A new report by Safefood into energy drinks has found that some brands contain up to 16 teaspoons of sugar.
Males aged 15-24 are the worst offenders and are the highest consumers of energy drinks (64%).
Over half of those who consume energy drinks (54%) drink them at least once a week or more frequently.
Safefood also found that some energy drinks cost less than €0.50 cent a can.
Energy and sports drinks now comprise more than 20% of the soft drinks market in Ireland and according to Safefood, consumption can lead to serious health consequences because of their sugar and caffeine content.
A typical small 250ml can has sugar levels of 6 teaspoons per can which is equivalent to a full chocolate bar.
Because the caffeine content is high, drinking 2 small cans and one small espresso, drives an adult’s daily caffeine intake above recommended levels.
In addition, the use of energy drinks as a mixer with alcohol among young adults also has consequences in the context of Ireland’s current binge–drinking culture. That’s according to Dr Cliodhna Foley-Nolan, Director, Human Health & Nutrition, Safefood.
“Safefood’s position continues to be that these drinks are not recommended as a mixer for alcoholic beverages but this is now common and part of the binge drinking culture prevalent particularly amongst our 15-24 year olds,” commented Dr Cliodhna Foley-Nolan.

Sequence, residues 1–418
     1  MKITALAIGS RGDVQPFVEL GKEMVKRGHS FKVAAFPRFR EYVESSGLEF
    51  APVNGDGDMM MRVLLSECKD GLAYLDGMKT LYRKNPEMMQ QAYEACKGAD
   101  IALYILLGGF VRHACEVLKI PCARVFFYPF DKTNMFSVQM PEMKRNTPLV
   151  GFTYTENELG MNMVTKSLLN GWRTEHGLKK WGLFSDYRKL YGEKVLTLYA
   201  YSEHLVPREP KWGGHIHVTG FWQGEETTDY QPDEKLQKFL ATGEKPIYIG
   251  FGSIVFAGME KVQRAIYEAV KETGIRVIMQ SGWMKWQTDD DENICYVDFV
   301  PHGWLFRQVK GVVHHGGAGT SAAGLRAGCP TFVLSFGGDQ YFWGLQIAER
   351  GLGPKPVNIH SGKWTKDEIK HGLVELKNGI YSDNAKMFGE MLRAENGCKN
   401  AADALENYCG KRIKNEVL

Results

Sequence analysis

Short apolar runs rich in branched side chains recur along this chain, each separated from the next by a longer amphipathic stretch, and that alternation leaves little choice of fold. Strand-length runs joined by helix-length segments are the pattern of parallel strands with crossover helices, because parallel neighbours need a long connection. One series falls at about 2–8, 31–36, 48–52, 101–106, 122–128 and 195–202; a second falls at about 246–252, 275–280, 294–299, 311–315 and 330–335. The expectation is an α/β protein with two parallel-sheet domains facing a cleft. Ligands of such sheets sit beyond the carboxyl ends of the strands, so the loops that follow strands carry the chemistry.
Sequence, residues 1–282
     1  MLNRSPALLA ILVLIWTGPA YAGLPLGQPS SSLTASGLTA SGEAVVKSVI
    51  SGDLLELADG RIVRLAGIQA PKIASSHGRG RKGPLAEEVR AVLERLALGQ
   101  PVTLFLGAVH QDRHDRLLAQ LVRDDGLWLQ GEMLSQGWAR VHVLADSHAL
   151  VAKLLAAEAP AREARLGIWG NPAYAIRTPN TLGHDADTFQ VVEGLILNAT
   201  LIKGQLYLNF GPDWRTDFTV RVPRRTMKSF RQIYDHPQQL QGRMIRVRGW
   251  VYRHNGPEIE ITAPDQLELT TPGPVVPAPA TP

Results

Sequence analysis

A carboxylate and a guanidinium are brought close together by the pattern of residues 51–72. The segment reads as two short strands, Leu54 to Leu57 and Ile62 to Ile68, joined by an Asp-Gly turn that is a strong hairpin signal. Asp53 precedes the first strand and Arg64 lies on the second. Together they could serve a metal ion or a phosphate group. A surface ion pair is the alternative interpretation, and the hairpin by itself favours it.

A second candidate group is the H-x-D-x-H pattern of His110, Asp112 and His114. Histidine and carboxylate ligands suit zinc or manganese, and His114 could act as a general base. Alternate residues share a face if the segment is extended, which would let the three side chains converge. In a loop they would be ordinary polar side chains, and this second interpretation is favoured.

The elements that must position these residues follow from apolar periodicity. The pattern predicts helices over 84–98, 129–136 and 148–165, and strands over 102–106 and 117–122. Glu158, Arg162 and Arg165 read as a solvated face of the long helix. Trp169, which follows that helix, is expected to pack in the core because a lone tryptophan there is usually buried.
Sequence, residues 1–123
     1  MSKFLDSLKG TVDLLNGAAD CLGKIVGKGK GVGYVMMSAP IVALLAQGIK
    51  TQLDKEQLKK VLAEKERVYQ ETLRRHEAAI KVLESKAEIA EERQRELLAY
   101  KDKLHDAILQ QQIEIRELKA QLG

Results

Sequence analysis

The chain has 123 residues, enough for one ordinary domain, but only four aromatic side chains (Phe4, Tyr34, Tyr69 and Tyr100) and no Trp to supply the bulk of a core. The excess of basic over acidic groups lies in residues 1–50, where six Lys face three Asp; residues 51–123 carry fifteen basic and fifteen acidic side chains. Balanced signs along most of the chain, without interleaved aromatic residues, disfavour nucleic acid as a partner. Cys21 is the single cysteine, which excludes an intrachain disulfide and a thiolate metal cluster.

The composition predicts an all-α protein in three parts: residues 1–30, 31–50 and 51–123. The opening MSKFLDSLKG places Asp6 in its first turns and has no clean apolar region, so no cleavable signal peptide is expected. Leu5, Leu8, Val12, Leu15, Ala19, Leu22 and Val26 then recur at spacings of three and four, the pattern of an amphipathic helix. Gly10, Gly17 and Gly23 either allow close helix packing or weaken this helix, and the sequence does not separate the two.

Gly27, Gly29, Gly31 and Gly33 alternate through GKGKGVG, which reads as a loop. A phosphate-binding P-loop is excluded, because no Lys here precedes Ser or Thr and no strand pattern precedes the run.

Operation Transformation’s GP Dr Ciara Kelly continued by saying that mixing an energy drink, which is a stimulant, with alcohol which is a depressant, is like “driving a car with your feet on the accelerator and brake pedals at the same time”.
“It stimulates a person so they actually end up drinking for longer as they may not be aware how drunk they really are. GP surgeries and our A&E Departments have to deal with the effects of mixing energy drinks with alcohol. The cheap price, easy availability, aggressive marketing and consumption of these products bluntly show how far from responsible the industry truly is and why we need to ask ourselves some hard questions when it comes to their use.“
The average price of an energy drink is €1.09, however this cost can range as low as €0.49 cent with supermarket own-brands being cheaper than branded products.
While the majority of energy drink brands surveyed in the report comply with current labelling legislation, specific health claims are still made such as “contribute to the reduction of tiredness and fatigue”. Brands also make references to their appeal among “top athletes, students” and “in highly demanding professions”
Dr Foley-Nolan continued “safefood reiterate that energy drinks are also not suitable for children under 16 or for rehydration purposes following sport.”